Perhaps it would be better to leave the story of Tzili Kraus’s life untold. Her fate was a cruel and inglorious one, and but for the fact that it actually happened we would never have been able to tell her story. We will tell it in all simplicity, and begin right away by saying: Tzili was not an only child; she had older brothers and sisters. The family was large, poor, and harassed, and Tzili grew up neglected among the abandoned objects in the yard.
Her father was an invalid and her mother busy all day long in their little shop. In the evening, sometimes without even thinking, one of her brothers or sisters would pick her out of the dirt and take her into the house. She was a quiet creature, devoid of charm and almost mute. Tzili would get up early in the morning and go to bed at night like a squirrel, without complaints or tears.
And thus she grew. Most of the summer and autumn she spent out of doors. In winter she snuggled into her pillows. Since she was small and skinny and didn’t get in anyone’s way, they ignored her existence. Every now and then her mother would remember her and cry: “Tzili, where are you?” “Here.” The answer would not be long in coming, and the mother’s sudden panic would pass.
When she was seven years old they sewed her a satchel, bought her two copybooks, and sent her to school. It was a country school, built of gray stone and covered with a tiled roof. In this building she studied for five years. Unlike other members of her race, Tzili did not shine at school. She was clumsy and somewhat withdrawn. The big letters on the blackboard made her head spin. At the end of the first term there was no longer any doubt: Tzili was dull-witted. The mother was busy and harassed but she gave vent to her anger nevertheless: “You must work harder. Why don’t you work harder?” The sick father, hearing the mother’s threats, sighed in his bed: What was to become of them?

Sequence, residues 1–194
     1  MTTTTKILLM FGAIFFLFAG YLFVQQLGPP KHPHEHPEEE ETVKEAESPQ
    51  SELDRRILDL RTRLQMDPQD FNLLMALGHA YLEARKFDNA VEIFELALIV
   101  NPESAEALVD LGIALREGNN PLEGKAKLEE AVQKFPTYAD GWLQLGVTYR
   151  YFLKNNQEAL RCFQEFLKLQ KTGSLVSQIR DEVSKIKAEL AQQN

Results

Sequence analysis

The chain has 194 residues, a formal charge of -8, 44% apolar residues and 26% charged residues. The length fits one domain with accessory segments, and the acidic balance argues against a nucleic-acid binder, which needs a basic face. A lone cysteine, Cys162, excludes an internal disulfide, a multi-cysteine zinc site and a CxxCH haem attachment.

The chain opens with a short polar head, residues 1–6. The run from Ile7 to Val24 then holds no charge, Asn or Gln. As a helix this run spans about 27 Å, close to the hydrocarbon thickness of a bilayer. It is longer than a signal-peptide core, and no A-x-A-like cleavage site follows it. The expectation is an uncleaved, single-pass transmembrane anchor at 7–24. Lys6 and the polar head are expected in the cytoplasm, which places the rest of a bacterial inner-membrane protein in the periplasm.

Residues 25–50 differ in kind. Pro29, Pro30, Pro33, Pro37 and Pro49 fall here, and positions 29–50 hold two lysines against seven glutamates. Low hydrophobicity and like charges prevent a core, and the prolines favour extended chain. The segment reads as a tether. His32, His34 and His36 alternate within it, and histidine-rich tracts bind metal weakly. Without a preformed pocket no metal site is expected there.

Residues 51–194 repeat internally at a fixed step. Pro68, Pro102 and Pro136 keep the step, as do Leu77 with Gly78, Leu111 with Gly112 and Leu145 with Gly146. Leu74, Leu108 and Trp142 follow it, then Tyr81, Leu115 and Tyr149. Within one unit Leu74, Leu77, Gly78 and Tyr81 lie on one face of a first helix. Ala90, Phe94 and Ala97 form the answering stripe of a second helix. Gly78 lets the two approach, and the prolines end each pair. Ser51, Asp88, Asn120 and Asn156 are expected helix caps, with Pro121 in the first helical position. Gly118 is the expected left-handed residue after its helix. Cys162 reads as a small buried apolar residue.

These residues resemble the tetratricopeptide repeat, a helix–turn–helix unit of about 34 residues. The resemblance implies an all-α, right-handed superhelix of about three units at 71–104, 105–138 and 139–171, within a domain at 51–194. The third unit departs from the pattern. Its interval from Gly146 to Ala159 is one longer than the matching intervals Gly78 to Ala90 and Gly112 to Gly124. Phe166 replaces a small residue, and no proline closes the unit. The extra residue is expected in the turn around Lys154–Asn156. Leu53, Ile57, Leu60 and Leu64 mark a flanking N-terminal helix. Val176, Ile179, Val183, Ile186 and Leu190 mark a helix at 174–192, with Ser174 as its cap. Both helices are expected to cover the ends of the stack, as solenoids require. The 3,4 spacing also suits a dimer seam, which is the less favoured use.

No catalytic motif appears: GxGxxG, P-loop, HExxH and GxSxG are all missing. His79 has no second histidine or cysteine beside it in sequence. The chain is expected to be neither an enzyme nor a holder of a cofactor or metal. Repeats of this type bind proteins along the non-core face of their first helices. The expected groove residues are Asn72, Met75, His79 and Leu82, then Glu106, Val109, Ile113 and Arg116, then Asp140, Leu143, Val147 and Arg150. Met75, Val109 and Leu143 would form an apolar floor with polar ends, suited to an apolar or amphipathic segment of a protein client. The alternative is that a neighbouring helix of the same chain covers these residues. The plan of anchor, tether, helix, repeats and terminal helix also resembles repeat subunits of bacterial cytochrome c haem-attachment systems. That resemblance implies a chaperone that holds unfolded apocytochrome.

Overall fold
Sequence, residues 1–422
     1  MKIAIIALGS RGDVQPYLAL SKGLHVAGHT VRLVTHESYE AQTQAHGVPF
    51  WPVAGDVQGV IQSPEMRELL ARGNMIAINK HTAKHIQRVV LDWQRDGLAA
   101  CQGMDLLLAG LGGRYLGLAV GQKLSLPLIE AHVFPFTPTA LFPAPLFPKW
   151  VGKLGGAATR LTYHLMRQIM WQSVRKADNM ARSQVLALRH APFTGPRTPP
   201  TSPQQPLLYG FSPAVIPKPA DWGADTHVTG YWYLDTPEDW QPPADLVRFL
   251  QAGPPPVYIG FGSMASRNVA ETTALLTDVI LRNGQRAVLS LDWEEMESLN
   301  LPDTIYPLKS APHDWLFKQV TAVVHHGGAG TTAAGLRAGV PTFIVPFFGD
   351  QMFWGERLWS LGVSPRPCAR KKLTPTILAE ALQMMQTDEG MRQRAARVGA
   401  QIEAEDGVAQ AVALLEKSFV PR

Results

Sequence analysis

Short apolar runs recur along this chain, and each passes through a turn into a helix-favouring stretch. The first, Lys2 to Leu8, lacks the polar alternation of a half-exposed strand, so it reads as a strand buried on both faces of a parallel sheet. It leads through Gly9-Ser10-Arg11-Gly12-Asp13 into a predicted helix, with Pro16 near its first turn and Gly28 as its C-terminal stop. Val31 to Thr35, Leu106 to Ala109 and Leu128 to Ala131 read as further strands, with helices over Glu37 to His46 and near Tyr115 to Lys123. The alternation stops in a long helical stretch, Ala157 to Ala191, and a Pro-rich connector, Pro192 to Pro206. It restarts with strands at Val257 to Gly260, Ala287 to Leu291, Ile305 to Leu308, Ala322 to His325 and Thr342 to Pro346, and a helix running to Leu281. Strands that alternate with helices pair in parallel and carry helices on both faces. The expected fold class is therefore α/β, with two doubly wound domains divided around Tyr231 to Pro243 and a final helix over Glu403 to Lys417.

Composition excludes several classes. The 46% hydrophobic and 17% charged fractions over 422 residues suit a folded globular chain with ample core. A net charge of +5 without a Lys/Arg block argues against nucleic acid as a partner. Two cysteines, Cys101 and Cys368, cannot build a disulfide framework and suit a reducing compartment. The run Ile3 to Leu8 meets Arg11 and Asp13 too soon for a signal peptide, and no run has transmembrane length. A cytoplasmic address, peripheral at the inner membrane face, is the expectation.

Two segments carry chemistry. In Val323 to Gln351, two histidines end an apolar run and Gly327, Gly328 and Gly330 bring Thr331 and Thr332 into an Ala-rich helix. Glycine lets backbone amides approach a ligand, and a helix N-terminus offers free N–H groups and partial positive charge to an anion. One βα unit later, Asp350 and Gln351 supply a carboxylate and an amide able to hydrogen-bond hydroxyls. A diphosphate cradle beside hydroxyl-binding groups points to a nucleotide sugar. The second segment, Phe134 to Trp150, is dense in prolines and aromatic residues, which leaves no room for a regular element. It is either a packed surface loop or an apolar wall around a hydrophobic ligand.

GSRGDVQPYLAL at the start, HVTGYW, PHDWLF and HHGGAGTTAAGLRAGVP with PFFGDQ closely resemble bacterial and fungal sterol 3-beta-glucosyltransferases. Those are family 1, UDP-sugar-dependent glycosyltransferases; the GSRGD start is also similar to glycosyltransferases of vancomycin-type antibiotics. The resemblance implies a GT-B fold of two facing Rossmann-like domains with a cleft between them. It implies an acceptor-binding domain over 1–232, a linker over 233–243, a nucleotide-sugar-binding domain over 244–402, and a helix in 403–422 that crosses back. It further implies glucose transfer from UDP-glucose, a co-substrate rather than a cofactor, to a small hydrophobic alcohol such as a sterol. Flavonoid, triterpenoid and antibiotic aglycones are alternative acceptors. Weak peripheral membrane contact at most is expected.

Tzili would learn things by heart and immediately forget them again. Even the gentile children knew more than she did. She would get mixed up. A Jewish girl without any brains! They delighted in her misfortune. Tzili would promise herself not to get mixed up, but the moment she stood in front of the blackboard the words vanished and her hands froze.